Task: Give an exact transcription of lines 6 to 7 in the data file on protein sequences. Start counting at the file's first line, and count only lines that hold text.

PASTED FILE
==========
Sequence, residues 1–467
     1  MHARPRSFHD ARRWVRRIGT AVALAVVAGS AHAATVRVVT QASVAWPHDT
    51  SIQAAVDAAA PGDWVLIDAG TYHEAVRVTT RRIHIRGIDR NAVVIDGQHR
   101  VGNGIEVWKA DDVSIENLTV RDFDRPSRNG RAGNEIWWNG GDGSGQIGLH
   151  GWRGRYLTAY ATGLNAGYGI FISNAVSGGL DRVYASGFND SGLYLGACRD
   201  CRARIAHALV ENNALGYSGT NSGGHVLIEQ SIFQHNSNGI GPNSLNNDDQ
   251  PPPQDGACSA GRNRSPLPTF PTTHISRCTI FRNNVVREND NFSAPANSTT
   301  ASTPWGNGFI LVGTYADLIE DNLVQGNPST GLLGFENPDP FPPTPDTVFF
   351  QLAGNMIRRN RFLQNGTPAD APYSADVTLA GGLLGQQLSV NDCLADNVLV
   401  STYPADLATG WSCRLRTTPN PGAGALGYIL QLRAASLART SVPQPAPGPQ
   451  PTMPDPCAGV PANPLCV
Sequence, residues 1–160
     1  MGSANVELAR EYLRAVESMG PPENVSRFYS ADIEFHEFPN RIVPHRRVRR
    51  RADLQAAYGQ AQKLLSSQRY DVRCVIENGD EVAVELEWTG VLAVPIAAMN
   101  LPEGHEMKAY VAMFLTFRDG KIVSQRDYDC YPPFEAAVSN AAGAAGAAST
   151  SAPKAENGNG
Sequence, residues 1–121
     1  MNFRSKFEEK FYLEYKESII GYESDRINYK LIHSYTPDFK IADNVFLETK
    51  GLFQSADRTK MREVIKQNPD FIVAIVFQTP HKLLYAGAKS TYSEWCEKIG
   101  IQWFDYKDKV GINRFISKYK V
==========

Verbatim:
   201  CRARIAHALV ENNALGYSGT NSGGHVLIEQ SIFQHNSNGI GPNSLNNDDQ
   251  PPPQDGACSA GRNRSPLPTF PTTHISRCTI FRNNVVREND NFSAPANSTT